Erasure. Historians reverse it, combat it, and with every publication hope they don’t repeat it. Ellen Hartigan-O’Connor, Amy Dru Stanley, and Riv-Ellen Prell have recently shown how to avoid erasure as we rewrite histories of the state and capitalism. Luckily, Susan Sleeper-Smith, Christine Walker, Sara Damiano, and Lorri Glover’s recent monographs advance these aims as innovative studies of eighteenth-century women’s economic might. Indigenous Prosperity and American Conquest, Jamaica Ladies, To Her Credit, and Eliza Lucas Pinckney, respectively, discuss women whose economic labor previous scholarship has either underassessed or entirely disregarded as superficial to men’s labor. Anglo-American economies underwent seismic changes during the eighteenth century. These four books improve our understanding of that change by demonstrating that those women’s economic activities were inextricable and essential for, rather than incidental to, the rise of the American state and British empire in that period.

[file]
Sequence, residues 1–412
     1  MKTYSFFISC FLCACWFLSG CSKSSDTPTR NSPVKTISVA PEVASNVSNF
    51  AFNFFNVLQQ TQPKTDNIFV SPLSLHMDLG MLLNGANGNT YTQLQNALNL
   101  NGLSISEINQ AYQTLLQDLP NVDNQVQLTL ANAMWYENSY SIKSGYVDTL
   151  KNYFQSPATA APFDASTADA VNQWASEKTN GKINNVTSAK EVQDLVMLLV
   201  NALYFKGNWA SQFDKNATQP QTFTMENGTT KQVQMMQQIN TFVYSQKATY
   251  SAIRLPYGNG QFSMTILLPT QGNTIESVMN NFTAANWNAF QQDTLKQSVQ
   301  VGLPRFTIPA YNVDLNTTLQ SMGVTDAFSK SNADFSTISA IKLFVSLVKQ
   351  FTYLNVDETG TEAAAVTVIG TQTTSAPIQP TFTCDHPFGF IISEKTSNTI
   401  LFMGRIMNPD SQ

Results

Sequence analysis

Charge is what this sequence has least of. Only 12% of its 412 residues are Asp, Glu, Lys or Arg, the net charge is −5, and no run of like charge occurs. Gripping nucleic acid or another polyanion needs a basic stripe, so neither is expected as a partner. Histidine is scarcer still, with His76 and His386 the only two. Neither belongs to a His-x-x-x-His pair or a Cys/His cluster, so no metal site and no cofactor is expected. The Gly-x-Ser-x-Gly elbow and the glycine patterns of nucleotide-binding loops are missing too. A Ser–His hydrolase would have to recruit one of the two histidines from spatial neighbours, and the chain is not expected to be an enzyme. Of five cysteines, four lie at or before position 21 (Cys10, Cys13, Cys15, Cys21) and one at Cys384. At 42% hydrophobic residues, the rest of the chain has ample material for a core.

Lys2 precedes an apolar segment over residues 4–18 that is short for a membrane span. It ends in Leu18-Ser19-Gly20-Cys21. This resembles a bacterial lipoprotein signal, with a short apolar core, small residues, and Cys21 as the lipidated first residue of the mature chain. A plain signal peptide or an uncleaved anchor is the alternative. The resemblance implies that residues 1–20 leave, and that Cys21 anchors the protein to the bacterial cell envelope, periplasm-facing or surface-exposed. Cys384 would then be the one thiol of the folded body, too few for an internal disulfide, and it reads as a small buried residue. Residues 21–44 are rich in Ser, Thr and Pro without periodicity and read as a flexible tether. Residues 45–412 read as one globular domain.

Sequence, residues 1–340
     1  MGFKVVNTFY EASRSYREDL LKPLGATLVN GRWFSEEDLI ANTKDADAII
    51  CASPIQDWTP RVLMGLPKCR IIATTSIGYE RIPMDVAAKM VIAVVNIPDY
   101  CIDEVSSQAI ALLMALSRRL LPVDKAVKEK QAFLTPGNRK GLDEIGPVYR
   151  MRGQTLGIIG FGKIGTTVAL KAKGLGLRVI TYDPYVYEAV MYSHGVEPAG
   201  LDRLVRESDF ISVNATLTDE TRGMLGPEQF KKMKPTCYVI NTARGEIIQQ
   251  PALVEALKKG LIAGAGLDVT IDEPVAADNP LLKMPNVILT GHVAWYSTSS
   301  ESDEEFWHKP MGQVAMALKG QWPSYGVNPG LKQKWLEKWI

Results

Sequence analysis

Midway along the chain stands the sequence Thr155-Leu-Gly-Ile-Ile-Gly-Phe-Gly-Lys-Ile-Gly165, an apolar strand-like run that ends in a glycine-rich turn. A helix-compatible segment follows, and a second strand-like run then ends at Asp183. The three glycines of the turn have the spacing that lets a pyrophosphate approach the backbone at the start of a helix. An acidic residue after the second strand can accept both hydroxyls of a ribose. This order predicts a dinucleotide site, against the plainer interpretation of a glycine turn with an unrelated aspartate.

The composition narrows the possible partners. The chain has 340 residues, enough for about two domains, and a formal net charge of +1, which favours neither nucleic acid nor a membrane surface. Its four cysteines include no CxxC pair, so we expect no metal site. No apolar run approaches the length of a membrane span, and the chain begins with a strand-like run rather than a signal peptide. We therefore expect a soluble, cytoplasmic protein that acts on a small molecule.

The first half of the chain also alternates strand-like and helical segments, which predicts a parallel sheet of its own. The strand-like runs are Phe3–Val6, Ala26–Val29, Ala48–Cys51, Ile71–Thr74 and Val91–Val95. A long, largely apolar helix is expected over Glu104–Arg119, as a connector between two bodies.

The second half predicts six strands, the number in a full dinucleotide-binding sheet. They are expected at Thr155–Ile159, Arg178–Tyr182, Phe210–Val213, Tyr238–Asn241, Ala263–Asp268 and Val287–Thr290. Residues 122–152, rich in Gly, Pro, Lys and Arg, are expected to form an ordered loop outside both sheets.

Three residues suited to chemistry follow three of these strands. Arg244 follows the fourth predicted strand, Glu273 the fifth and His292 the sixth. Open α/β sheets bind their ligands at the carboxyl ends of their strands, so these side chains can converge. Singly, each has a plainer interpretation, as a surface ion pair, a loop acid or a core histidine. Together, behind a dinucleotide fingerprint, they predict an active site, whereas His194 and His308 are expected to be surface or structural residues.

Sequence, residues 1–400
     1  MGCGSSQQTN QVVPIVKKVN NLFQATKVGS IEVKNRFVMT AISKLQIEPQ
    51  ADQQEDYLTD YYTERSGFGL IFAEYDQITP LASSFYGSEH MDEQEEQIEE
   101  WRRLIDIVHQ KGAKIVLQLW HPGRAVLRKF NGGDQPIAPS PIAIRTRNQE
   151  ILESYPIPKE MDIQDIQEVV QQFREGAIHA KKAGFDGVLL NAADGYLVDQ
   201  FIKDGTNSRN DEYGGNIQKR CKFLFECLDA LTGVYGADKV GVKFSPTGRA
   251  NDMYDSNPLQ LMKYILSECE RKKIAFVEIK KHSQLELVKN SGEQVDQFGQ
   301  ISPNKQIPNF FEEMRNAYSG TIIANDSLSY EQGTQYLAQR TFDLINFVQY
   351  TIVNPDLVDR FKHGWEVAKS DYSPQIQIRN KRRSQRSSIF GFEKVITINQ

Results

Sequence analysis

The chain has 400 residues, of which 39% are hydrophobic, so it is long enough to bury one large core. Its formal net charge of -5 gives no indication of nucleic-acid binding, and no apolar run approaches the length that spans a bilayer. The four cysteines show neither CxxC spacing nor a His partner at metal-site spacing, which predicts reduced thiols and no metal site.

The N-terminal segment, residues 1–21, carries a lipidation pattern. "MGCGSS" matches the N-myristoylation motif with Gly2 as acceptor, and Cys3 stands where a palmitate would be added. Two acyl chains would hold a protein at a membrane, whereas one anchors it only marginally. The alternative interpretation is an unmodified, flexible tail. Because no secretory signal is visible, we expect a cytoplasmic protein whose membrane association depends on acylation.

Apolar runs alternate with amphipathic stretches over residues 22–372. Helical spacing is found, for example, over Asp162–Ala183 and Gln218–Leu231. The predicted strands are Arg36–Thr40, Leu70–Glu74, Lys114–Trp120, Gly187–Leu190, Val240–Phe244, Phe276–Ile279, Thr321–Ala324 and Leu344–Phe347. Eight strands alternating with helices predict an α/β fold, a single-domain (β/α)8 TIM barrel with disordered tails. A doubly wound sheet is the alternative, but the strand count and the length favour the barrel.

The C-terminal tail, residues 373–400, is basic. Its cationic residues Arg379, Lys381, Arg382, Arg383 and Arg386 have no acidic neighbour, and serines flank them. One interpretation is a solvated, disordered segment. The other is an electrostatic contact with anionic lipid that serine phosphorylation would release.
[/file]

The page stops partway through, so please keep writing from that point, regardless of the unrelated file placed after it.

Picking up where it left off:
Women’s economic labor was essential to state function.
This essay discusses the authors’ thematic focus on interconnectivity—the relationship between women’s economic, legal, social, political, and cultural work within emergent capitalism and state power—and (in)dependence—the extent to which early American and British imperial state development depended on women’s work advancing their own material conditions, resisting encroachment by the state, and adapting to changing economic, political, and social conditions in daily life. Contrary to popular misconception, coverture and disenfranchisement did not eradicate women’s economic agency. Women’s economic labor was essential to state function, the economic survival and social standing of middling urbanites and landowning elites, and the economic plasticity of communities during recession.